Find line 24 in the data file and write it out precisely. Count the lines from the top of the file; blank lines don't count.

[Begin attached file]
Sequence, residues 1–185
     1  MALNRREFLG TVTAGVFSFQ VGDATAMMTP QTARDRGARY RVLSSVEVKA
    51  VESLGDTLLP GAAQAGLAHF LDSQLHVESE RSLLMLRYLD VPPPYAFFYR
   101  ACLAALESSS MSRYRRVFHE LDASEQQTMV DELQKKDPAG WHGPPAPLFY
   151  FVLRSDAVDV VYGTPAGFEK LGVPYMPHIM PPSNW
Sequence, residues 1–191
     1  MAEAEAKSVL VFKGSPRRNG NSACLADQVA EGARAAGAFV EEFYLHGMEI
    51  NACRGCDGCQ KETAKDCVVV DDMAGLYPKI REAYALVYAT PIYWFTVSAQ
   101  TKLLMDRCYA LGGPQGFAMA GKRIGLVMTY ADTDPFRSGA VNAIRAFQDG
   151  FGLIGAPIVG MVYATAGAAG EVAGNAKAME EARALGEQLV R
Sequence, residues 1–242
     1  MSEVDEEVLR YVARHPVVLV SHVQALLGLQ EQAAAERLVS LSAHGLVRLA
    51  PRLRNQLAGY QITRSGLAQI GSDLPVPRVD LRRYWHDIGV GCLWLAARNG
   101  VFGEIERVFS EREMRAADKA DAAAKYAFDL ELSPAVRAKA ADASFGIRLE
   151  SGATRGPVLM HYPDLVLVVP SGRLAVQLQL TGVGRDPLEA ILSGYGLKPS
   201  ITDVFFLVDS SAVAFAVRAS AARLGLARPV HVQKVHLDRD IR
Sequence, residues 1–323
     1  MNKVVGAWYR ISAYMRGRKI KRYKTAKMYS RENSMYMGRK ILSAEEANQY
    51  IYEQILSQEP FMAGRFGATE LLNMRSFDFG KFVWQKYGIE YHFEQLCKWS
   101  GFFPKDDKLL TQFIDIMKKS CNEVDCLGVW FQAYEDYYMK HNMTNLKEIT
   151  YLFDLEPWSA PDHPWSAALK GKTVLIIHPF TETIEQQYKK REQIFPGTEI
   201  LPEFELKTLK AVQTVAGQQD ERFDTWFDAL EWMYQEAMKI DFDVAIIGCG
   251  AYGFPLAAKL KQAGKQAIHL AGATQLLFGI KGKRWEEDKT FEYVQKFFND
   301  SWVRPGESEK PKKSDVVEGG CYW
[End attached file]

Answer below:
   301  SWVRPGESEK PKKSDVVEGG CYW